Reputed to be one of Treasure’s best games and one of the most ambitious shmups of all time, Gradius V is the stuff of legend. Expensive and difficult to track down on its native PS2, thanks to the PS3’s online store it is finally within easy reach for PS3 owners. And at a cheap price too! Having sunk my teeth into it at long last, I’m happy to say that in my opinion this game’s glowing reputation is justified.
Perhaps the most impressive thing about Gradius V is the way it shakes up the conventions of the traditional 2D shooter genre. When I wrote about Shienryu on PS1 in my most recent shmup review, I concluded that it was competent in all areas but inspired in none. Gradius V is similarly competent, retaining the tried and true gameplay mechanics of the Gradius series, but this fifth entry is also incredibly inspired, adding puzzle elements into a genre that is generally much more taxing on your thumbs than your brain.
Gradius V’s biggest strength is its boss fights. Treasure games are well known for their numerous boss fights and this game is no different – in fact they probably account for one third to half of the game’s running time. Unlike your average shmup boss however, Gradius V’s bosses are ingeniously designed puzzles. For example, I ran into one boss in the latter half of the game that seemed near-impossible. Surrounded on all sides by asteroids, I was blasting them at full strength struggling to make room for my ship. Then the boss aimed a crapton of bullets directly towards me at high speed. I died, predictably. It took a few tries before I realised the trick: if I stopped shooting the asteroids altogether and took cover behind them they could protect me. Once the bullet storm subsided, I could emerge from behind the rocks to shoot and damage the boss.
The levels are excellent too, don’t get me wrong, but the boss fights are what makes Gradius V unique, prioritising strategic thinking over bullet-dodging reflexes as they do (although the latter is still required!). With the right strategy, some bosses are beatable in mere seconds. Thanks to an extremely useful practice mode that lets you replay any stage you’ve reached in the main game, you can experiment and hone techniques until bosses that seemed near-impossible at first can be toppled with ease.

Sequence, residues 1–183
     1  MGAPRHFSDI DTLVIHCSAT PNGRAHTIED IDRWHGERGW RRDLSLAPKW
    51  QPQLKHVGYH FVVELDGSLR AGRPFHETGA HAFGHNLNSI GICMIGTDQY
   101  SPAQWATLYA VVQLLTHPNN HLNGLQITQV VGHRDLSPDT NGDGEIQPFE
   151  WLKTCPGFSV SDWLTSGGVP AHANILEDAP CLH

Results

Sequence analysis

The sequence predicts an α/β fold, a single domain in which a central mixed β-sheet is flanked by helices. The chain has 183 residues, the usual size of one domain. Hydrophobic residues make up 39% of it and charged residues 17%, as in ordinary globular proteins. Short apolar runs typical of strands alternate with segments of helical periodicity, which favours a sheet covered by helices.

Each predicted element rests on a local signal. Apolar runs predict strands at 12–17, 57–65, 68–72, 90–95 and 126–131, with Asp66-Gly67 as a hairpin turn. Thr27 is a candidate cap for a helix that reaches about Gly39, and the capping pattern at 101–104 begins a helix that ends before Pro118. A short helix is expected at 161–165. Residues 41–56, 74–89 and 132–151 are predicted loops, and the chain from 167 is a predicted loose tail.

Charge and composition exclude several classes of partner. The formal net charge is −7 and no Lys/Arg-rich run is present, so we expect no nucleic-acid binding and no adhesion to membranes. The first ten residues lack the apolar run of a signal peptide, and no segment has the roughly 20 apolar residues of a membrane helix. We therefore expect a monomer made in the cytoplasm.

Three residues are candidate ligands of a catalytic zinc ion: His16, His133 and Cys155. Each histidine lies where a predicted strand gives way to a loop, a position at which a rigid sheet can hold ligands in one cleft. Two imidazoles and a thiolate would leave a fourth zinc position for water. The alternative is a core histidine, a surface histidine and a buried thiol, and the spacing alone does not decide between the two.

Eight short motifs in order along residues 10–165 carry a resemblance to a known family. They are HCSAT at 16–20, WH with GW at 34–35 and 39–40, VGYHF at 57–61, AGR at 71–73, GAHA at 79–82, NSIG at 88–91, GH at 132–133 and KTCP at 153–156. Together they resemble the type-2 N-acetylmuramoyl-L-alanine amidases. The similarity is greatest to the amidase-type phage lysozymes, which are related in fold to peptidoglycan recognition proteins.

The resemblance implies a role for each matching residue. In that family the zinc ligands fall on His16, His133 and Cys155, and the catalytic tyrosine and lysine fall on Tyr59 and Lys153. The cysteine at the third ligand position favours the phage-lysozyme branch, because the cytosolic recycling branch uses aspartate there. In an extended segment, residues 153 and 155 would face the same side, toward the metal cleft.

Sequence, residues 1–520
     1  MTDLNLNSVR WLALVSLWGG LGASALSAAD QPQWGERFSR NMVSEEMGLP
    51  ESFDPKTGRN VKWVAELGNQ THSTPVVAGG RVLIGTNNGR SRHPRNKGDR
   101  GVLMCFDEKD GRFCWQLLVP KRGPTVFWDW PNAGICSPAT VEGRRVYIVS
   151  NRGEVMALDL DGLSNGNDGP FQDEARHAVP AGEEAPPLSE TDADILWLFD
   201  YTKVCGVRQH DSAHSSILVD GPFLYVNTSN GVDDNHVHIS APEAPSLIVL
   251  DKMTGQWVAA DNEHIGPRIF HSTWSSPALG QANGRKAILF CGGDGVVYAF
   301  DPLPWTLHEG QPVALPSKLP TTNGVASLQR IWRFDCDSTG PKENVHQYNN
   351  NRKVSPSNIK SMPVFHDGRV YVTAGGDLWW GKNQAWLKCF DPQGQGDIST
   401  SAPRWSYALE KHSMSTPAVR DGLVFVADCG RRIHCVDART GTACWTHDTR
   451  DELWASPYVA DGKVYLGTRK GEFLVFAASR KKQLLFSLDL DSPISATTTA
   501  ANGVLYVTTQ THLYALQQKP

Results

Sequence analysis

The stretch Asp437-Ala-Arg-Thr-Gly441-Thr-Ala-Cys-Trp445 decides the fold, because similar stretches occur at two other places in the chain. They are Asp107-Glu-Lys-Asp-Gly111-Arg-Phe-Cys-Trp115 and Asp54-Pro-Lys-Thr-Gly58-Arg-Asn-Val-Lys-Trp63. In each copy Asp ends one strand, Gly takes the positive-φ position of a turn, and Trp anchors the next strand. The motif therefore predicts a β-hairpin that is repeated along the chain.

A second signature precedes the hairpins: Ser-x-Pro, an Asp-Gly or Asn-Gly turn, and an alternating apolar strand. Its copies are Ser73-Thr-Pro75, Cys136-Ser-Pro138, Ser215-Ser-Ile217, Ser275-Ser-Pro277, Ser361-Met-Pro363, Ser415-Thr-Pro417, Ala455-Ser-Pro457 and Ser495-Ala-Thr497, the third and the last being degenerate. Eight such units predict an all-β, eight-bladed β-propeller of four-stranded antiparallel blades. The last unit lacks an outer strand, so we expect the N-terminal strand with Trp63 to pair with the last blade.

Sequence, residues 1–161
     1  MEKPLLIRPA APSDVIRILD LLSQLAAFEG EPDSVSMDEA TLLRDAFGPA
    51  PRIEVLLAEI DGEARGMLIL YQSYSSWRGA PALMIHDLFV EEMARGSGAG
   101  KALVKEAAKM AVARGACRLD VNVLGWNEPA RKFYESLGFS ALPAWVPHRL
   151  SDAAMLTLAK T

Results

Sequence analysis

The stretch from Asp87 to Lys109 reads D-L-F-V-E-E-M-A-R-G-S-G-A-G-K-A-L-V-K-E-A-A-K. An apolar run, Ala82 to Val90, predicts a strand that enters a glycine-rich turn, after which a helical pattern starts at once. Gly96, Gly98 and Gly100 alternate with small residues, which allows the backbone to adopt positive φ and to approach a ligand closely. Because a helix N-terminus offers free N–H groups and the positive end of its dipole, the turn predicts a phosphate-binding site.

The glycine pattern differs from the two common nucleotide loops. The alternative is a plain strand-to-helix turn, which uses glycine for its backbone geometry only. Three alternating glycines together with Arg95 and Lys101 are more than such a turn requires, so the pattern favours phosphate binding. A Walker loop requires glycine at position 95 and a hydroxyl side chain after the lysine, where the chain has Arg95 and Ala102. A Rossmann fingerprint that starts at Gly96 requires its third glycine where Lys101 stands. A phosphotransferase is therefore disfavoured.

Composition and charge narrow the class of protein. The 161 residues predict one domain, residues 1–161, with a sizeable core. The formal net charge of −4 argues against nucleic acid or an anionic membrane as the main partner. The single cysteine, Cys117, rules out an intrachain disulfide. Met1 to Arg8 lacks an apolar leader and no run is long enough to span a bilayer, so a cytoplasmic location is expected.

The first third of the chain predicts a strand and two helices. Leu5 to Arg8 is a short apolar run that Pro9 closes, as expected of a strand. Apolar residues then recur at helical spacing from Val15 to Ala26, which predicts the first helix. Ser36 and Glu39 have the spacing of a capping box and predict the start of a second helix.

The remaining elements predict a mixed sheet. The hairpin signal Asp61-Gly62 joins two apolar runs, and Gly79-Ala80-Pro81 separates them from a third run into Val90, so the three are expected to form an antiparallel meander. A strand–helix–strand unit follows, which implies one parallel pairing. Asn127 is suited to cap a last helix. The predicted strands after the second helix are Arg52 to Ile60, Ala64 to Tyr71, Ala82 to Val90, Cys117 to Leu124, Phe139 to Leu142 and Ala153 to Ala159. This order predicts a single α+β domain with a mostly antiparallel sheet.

Aside from Shienryu, which I happened to be playing at the same time, I need to mention the obvious point of comparison for Gradius V: Ikaruga. As with every Treasure game I’ve played, I enjoy Ikaruga, but Gradius is that much more fun and accessible simply for not being a complete mindfuck. Gradius V has its share of mind-bending moments (see my note on time travel below), but the whole experience doesn’t revolve around them like Ikaruga with its challenging colour changing mechanic and complex score system.
I studied screenwriting once upon a time, and Gradius V reminds me of a golden screenwriting rule. It goes something like this: a good screenplay never starts out complex – it begins with a simple, easy to understand premise, and then becomes complicated. (Seriously, when you think about it, it’s true! All the best films do it this way.) The basic mechanics in Gradius V are identical to the rest of the series, there are numerous callbacks to previous games, levels follow the same basic templates… simple. And yet Gradius V becomes far more ambitious and complex than any previous game in the series. Essentially though, being grounded in the simple and easy to understand mechanics of the Gradius series makes it work. Ultimately what you’re left with is a game that is at once instantly engaging while leaving a lasting impression.
Gradius V is a remarkable game. Really, it is, and I have to stop myself from gushing more about it. If I had one complaint, it’s how time consuming it is to see all this game has to offer. It has a similar system to R-Type Delta in that you gain one extra credit for every hour of playtime you clock up. In fact it’s even more extreme than Delta in that the game demands a whopping 17 hours of playtime before you unlock unlimited credits. For me, playing on the easiest difficulty available, it took over eight hours of play before I earned enough credits that I could make it through to the end credits. Thankfully, the game being so enjoyable and the practice mode (which mercifully counts toward your total playtime) meant I didn’t find clocking up the hours as laborious as in Delta. It is still a grind though, which is occasionally infuriating when you just want to progress.
Oh, and the final boss sucks. Anti-climactic final bosses are tradition for the Gradius series, but personally I don’t get it and think it’s a shame. Gradius’s bizarro twin, Sexy Parodius, had a final non-boss, but it made up for it with a post-game special stage with an intimidating boss fight at the end. Oh well. Really these are small quibbles – in the bigger picture Gradius V could well be my favourite game made by Treasure, and considering I’ve long been a fan of their games that is really saying something.